One thing about Japanese automakers every American knows “for sure”: Their conquest of the U.S. market was orchestrated by a wily government that cunningly kept American brands out of its own. Yeah, you can make a case for that. But you can also make the case that with friends like their own government, Japan’s automakers need no enemies. Especially now that Japan’s bureaucrats seem hell-bent on cooking the goose that laid the golden egg, destroying within a generation their largest and most profitable industry.
For starters, consider how Japan’s politicians managed to deny their manufacturers pole position in the world’s largest auto market.
The Senkaku Islands are a barren group of bird rocks, nearly 1,200 miles from Tokyo but just 125 miles from Taipei, that no one has found a use for over thousands of years. While Japan is nominally in control, both China and Taiwan dispute its sovereignty. Still, the issue lay dormant for decades until 2012 when Shintaro Ishihara, Tokyo’s ultra-nationalist governor at the time, moved to buy the islands from their private owners. When Japan’s government responded by nationalizing them, anti-Japanese riots broke out across China. And no riot was complete until a Toyota had been torched.
As Japan’s outraged media foamed on about the value of oil that might, just might, be under the seabed, no one mentioned the real prize: China’s auto market, by then the world’s largest. Japanese brands already lagged the Germans. But from 2012 through 2015 Japanese makers’ share of the Chinese market declined slightly to 16.6 percent as Europeans (notably Volkswagen) rose by 1.1 percent to 22.3 percent, with a rich German mix. GM and Ford meanwhile—those Detroit zombies risen from the grave—increased their Chinese market share from 11.8 to 12.5 percent. With GM still twice as big as Toyota and Ford closing fast on Japan’s Big Three, Detroit may soon surpass Japan in China. Adding to the humiliation, South Korea’s Hyundai/Kia has left Japanese makers in the dust.
Japan’s failure to dominate the world’s largest auto market, literally in its own backyard, is a blunder of historic proportions, and the nation’s right-wing politicians deserve full blame. The Senkaku debacle marked the moment of Japan’s worst defeat since 1945, but it was decades in the making. By failing to do what they did so successfully with the U.S.—heal the wounds of war, gain trade access, and win consumer hearts and minds—Japan’s government has badly damaged the future prospects of its most important industry.
So they blew it in China. But haven’t Japan’s leaders managed to stoutly defend the home market?
Earlier this year when CEO Mark Fields signed off on the notice that Ford Motor Company was pulling out of Japan because its market is “closed,” you can bet the Czar of Dearborn had a wry smile on his face. As former CEO of Mazda, Fields knows Japan’s market numbers better than anyone in Detroit. And those numbers tell a story like something out of World War I trench warfare: Everyone gets bloodied, but no one risks losing face by giving up an inch.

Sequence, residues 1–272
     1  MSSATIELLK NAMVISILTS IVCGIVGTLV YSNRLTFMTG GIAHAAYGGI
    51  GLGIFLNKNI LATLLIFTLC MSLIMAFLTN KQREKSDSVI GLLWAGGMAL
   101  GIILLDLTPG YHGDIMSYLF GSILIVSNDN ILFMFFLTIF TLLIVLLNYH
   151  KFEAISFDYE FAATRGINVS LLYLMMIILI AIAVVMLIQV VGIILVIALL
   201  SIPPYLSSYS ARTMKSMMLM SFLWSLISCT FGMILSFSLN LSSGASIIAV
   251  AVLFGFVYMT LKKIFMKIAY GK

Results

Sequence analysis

Japan’s market is “closed” like a shallow grave in a profitless stalemate between Godzilla and the Seven Dwarves: Toyota with roughly a half share and seven other home teams scrabbling for the scraps. Inefficient distribution networks make the cost of sales staggering. All brands have hideously over-proliferated model lineups. And it’s a game of musical chairs; sales volume has dropped almost 13 percent over the past 10 years, in step with a rapidly aging and declining population. Meanwhile, the Germans have swooped in to cherry-pick the premium morsels from the pot.
If all that isn’t enough, Japan’s government “helps” the home teams by mandating an artificial segment that foreigners won’t enter—for good reason.
“Kei-cars,” mini-vehicles limited to 0.7-liter engines, are unique to Japan: pop cans on wheels that wouldn’t pass the crash test in most countries. Spawned by 1950s regulations meant to help farmers motorize, they are favored by generous tax breaks, lower insurance rates, and relaxed parking regulations (more on that later). Plus, in a high gas-tax regime they deliver great fuel economy. No wonder minis account for 40 percent of sales, all to Japanese makers, notably Suzuki and Daihatsu.
This is hardly a gift to the automakers. Sold through Japan’s high-cost sales networks, the average kei-car yields an even thinner margin than the barely profitable compacts Japanese brands sell. They require a separate product development stream, which is why Nissan and Mazda opt for badge-engineered product from Mitsubishi and Suzuki. If instead of kei-cars the manufacturers could each sell an extra 100,000 global B-cars at home, it would at least give them a useful boost in scale.